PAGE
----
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We are currently considering the option of migrating from svn to git for all the benefits that git offers. We are currently worried about losing history and looking into the issue. We would like to know if anyone had other problems when they migrated from svn to git.

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5 Answers 5

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There shouldn't be any problems converting from svn to git regarding losing history. That's the main purpose of revision control software anyway, to keep track of history.

The number one rule is of course: always back up your repositories before converting them and do several test runs until you feel confident enough to do it in a production environment.

A major difference is the way externals in Subversion behave compared to git submodules. See:

Also, expect to spend some time on supporting the users. Git is a different beast and some accustomed svn users can find that it is a bit unintuitive to use.

Edit: Git has built in support for importing and working with svn repositories, using git-svn.

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The number one rule is of course: use git-svn for import SVN into Git repo, not convert –  Lazy Badger Jan 26 '12 at 10:13
    
Very good point indeed. I'm editing my answer to reflect that. –  Sundae Jan 26 '12 at 10:16
    
@Lazy Badger, what is your distinction between "import" and "convert?" The standard way to "convert" an svn repo to a git repo does indeed use git-svn. –  ebneter Jan 26 '12 at 19:05
    
Thanks Sundae. Your answer is really helpful. –  Sandah Aung Jan 27 '12 at 14:12
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Git-SVN import all Subversion history (and some of additional metadata) into Git repo

git svn clone url://path/to/repo -s

-s if you have "standard" repo-layout in Subversion

but some writers recommend to use

git svn init -s http://example.com/svn/my_proj
git svn fetch

Some additional useful reading:

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also add git svn fetch to loop in a script, for cloning huge repos with numerous tags and deep histories (and the occasional disconnect) –  prusswan Jan 26 '12 at 10:43
    
Thanks for your helpful answer. –  Sandah Aung Jan 27 '12 at 14:12
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The most problems arise when there are non-standard branches or tags in SVN. This is when someone did not copy the trunk/ folder into tags/ or branches/, but only subfolders of it. These folders appears as "ripped off" revisions without a common ancestor with trunk. But the content self is correct.

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I was able to migrate svn history, with branch history, to git repository using the script I wrote here:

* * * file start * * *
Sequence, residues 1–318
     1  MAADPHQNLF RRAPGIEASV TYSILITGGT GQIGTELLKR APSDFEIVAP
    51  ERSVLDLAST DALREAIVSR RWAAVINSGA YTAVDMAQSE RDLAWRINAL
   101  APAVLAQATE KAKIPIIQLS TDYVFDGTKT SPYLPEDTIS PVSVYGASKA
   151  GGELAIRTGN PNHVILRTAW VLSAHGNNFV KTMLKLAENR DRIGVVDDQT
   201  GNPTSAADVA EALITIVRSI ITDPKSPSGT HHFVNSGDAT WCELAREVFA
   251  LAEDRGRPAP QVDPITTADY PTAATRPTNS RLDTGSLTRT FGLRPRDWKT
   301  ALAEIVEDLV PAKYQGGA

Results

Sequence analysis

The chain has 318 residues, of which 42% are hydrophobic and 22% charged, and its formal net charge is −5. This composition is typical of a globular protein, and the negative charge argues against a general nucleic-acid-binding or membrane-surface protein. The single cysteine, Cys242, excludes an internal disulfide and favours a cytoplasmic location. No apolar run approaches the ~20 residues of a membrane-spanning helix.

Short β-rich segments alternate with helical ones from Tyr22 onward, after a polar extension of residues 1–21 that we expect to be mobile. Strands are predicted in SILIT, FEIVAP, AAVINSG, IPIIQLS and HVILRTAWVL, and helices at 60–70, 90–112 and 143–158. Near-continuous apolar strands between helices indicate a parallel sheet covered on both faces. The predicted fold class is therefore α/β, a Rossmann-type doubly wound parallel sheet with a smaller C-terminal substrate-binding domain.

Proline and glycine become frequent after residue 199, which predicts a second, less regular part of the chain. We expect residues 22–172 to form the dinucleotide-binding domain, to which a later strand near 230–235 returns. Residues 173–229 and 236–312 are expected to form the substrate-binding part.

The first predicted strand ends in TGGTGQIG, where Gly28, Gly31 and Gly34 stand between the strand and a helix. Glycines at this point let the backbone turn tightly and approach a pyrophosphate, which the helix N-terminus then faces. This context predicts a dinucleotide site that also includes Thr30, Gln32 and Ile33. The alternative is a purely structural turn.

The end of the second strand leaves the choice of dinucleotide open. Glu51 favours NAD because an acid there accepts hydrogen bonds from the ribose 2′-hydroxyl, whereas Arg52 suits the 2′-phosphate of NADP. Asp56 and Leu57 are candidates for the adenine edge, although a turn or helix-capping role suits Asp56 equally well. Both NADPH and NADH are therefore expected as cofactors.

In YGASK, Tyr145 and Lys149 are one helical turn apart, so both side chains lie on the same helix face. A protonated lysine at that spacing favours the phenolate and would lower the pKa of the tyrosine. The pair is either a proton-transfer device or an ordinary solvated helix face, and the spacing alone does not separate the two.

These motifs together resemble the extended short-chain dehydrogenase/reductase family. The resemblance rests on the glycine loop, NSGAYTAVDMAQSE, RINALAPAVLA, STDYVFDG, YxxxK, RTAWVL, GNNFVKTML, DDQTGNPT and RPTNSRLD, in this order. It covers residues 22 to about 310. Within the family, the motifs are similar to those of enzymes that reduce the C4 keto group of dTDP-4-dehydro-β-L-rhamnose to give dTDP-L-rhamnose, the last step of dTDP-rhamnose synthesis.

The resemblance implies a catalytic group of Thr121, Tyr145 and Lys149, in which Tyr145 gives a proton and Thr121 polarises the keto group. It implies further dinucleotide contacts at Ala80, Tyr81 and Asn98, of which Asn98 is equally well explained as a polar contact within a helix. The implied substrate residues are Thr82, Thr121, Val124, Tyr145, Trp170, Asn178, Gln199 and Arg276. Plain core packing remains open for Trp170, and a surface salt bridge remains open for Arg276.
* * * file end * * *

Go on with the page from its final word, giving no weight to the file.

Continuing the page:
https://github.com/onepremise/SGMS

You can support both formats:

/trunk
  /Project1
  /Project2
/branches
     /Project1
     /Project2
/tags
 /Project1
 /Project2

This scheme is also popular and supported as well:

/Project1
     /trunk
     /branches
     /tags
/Project2
     /trunk
     /branches
     /tags
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Subversion and Git differ a lot in terms how they represent history, keep metadata, handle system specific issues. Such differences cause most of the pitfalls:

  1. Missing merge commits in Git:

    Subversion keeps information on performed merges as svn:mergeinfo property on files and directories. On conversion to Git information on sub-tree merges and cherry-picks is lost as Git has no means to represent it.

    See also After “git svn clone”, I still don't have fantastic branch-merging commit?

  2. Externals and submodules:

    Addition to @Sundae's answer: take a look at SmartGit — this tool can actually import svn:externals. It uses a file of a special format not supported by other Git clients though.

  3. Empty directories:

    Subversion treats directories as first-class citizens, Git doesn't — one has to add some placeholder file to keep a directory upon conversion. git-svn tries to handle this with external storage "unhandled log", but that works only when you keep using git-svn after the conversion.

  4. svn:ignore and .gitignore, svn:eol-style/mime-type and .gitattributes:

    git-svn does not convert Subversion properties into corresponding .gitattributes automatically. One has to run a specific command after the conversion to add attributes — anyway this information is lost upon conversion.

  5. Arbitrary Subversion properties:

    Any custom file and revision properties are lost when Subversion repository is converted to Git repository.

Have a look at SubGit. It copes well with most of the pitfalls, others are planned to be fixed in further versions.

SubGit is created to be a company-wide migration tool. One can use it as a one-shot conversion utility, but in general it is Subversion and Git continuous synchronization tool. More information you can find on its documentation page.

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